There are several principles to avoid getting into a bidding war.
First, why bidding war is bad:
- You end up paying much more than the real value of the product.
- Your blood pressure is going up and you risk getting a heart attack
- By paying more for a particular product and spending your budget, you deprive yourself of future value-for-money purchases that eBay is renowned for providing
- You get bad experience using eBay but eBay should be all about good experience
Well, to avoid getting into this, you need to remember a few key principles and strategies:
- The product that attracts high number of bidders may not be the only product in the world that is sold. Give it a pass, wait for a day/week/month or so and all the chances are you are going to get equal or even better similar product at a price much lower than the current swarm of bidders is prepared to fight for.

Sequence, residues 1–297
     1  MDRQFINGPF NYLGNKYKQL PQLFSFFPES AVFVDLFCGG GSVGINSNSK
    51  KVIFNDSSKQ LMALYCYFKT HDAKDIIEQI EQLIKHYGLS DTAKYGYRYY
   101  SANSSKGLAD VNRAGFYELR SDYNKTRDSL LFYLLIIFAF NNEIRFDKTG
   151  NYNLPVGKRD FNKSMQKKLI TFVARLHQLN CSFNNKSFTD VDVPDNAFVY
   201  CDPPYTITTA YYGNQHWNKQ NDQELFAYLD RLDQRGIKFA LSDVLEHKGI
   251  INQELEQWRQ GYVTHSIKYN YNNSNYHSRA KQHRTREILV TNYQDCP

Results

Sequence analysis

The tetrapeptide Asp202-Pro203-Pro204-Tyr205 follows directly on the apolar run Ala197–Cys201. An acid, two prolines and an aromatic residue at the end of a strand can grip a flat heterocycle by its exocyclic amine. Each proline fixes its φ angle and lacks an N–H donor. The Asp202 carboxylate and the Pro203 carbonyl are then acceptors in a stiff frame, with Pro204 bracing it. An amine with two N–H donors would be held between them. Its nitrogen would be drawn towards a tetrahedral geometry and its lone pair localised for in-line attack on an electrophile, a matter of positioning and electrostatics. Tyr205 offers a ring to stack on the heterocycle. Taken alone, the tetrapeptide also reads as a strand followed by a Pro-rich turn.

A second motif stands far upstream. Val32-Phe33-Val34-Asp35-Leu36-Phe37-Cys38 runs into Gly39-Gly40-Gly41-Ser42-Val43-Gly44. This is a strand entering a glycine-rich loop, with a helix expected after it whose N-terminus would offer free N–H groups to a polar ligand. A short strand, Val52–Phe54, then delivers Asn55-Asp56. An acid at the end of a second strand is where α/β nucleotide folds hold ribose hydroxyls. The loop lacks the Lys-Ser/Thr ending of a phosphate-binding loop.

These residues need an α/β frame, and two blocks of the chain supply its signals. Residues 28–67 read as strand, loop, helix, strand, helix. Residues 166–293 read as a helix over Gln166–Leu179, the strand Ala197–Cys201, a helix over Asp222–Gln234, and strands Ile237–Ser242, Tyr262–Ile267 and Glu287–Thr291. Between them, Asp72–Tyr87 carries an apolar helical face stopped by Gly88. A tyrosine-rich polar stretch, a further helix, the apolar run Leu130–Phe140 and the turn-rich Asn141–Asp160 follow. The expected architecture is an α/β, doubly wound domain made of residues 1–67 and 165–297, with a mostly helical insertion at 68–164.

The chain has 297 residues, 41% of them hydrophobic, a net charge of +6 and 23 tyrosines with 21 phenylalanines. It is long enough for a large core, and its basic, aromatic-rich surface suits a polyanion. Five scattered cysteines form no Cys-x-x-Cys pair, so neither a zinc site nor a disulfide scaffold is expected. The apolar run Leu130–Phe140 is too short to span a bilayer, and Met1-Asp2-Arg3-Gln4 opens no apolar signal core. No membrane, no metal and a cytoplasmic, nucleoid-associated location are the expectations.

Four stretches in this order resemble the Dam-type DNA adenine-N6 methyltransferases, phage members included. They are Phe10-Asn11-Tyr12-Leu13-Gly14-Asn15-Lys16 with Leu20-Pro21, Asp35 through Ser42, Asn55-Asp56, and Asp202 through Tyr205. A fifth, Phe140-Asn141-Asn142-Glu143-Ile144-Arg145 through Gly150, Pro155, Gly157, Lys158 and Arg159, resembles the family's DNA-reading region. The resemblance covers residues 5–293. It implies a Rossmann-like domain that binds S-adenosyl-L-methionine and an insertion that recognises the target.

- Pretend that you're not interested in a produc, giving a high bidder(s) a false sense that their bid is secure.
- Take the average of the highest price that you think the product is worth in your opinion (a), and what you thnik you can afford to pay - your upper budget limit (b) and make it your highest possible bid (c) = (a+b)/2. If (a) is significantly higher than (b) you may reconsider participating in this auction at all.
Say, if it's more than 25%, back off ! You are not gonna get champaign on a beer budget on eBay - forget it! On eBay the good hope is to get premium beer at a budget beer budget.
- Then wait until the end of the auction and bid in a last seconds with the bid value (c) you calculated at a previous step
- If you win - well, this is it! If you lose by a dollar or two, don't despair. Go back to the "next time" strategy as mentioned above. Don't think it means that if your bid would be just 2 dollars more you'd win the auction - most likely you wouldn't.
And now - good luck with your bidding!